Bob Savelle checks out a PDP-1 CRT
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The launch of the PDP-1 (Programmed Data Processor-1) computer in 1959 marked a radical shift in the philosophy of computer design: it was the first commercial computer that focused on interaction with the user rather than the efficient use of computer cycles. It was also Digital Equipment Corporation’s (DEC) first computer.

Though the PDP-1 was produced in relatively small quantities (about 50), its impact was significant. For DEC it was the first in a long line of computers that focused on interactivity and affordability, changing the industry forever by foreshadowing what would become an entirely new class of computer: the “minicomputer.” By the mid 1960s, the minicomputer industry would flourish, allowing more people access to computers than ever before and leading directly to the development of important new operating systems and interfaces.

As the world's first commercial interactive computer, the PDP-1 was also used for process control, scientific research and graphics applications as well as to pioneer timesharing systems. The PDP-1 also made it possible for smaller businesses and laboratories to have access to much more computing power than ever before.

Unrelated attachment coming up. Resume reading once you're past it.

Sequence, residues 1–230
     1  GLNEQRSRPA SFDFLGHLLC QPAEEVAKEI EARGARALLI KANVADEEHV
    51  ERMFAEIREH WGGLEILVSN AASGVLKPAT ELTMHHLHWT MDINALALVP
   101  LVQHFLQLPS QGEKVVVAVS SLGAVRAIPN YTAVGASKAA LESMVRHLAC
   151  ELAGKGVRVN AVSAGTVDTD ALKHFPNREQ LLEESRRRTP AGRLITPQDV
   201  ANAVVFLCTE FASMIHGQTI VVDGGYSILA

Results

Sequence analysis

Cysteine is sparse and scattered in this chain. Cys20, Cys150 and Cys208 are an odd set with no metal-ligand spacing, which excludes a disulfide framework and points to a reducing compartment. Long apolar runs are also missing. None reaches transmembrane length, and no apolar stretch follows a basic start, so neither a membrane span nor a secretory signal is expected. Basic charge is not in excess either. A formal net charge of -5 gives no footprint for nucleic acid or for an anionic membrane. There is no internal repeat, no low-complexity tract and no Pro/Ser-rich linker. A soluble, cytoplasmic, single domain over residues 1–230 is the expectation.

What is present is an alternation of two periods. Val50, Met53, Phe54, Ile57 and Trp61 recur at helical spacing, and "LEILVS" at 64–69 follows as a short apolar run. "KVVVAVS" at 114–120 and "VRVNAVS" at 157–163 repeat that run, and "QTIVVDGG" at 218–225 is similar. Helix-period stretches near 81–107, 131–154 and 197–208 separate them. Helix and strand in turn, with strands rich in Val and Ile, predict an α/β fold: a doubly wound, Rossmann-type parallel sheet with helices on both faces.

For the user, the PDP-1 represented an unprecedented freedom of human-machine interaction, spurring the creation of hacker culture at the Massachusetts Institute of Technology (MIT), Bolt Beranek and Newman (BB&N) and elsewhere. Inspired programmers would soon create early debugging, text editing, music and game programs, including the first computer video game, Spacewar!

Nearly 45 years after the announcement of the PDP-1, the Computer History Museum in Mountain View, California began restoring an original PDP-1 to working condition. The purpose of this restoration was to develop a deep technical knowledge of the machine, to collect materials and oral histories to understand the historic environment in which the PDP-1 was created, and finally to allow visitors to the Museum to have a direct and interactive experience with a historically-significant computer. The restoration of the PDP-1 was completed in October, 2005 and is now on display in the Museum’s Restorations Display Area.

This online exhibition provides an overview of the history of the PDP-1, the challenges faced in restoring it and digitized highlights from the Museum’s extensive collection of PDP-1 related materials.